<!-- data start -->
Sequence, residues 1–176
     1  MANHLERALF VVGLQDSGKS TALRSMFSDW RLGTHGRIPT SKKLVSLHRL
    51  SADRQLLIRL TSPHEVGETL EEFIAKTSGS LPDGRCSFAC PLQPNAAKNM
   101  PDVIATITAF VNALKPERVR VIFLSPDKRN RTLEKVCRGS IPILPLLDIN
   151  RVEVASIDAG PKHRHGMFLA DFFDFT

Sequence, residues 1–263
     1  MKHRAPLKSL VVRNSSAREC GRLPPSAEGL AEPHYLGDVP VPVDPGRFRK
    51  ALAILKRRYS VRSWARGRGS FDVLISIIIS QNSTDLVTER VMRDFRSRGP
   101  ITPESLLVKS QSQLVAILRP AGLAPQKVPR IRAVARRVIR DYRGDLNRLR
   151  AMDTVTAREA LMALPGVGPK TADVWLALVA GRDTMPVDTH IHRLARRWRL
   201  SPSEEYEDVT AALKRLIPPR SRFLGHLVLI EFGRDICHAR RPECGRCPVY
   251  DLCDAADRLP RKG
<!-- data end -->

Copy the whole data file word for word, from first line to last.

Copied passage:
Sequence, residues 1–176
     1  MANHLERALF VVGLQDSGKS TALRSMFSDW RLGTHGRIPT SKKLVSLHRL
    51  SADRQLLIRL TSPHEVGETL EEFIAKTSGS LPDGRCSFAC PLQPNAAKNM
   101  PDVIATITAF VNALKPERVR VIFLSPDKRN RTLEKVCRGS IPILPLLDIN
   151  RVEVASIDAG PKHRHGMFLA DFFDFT

Sequence, residues 1–263
     1  MKHRAPLKSL VVRNSSAREC GRLPPSAEGL AEPHYLGDVP VPVDPGRFRK
    51  ALAILKRRYS VRSWARGRGS FDVLISIIIS QNSTDLVTER VMRDFRSRGP
   101  ITPESLLVKS QSQLVAILRP AGLAPQKVPR IRAVARRVIR DYRGDLNRLR
   151  AMDTVTAREA LMALPGVGPK TADVWLALVA GRDTMPVDTH IHRLARRWRL
   201  SPSEEYEDVT AALKRLIPPR SRFLGHLVLI EFGRDICHAR RPECGRCPVY
   251  DLCDAADRLP RKG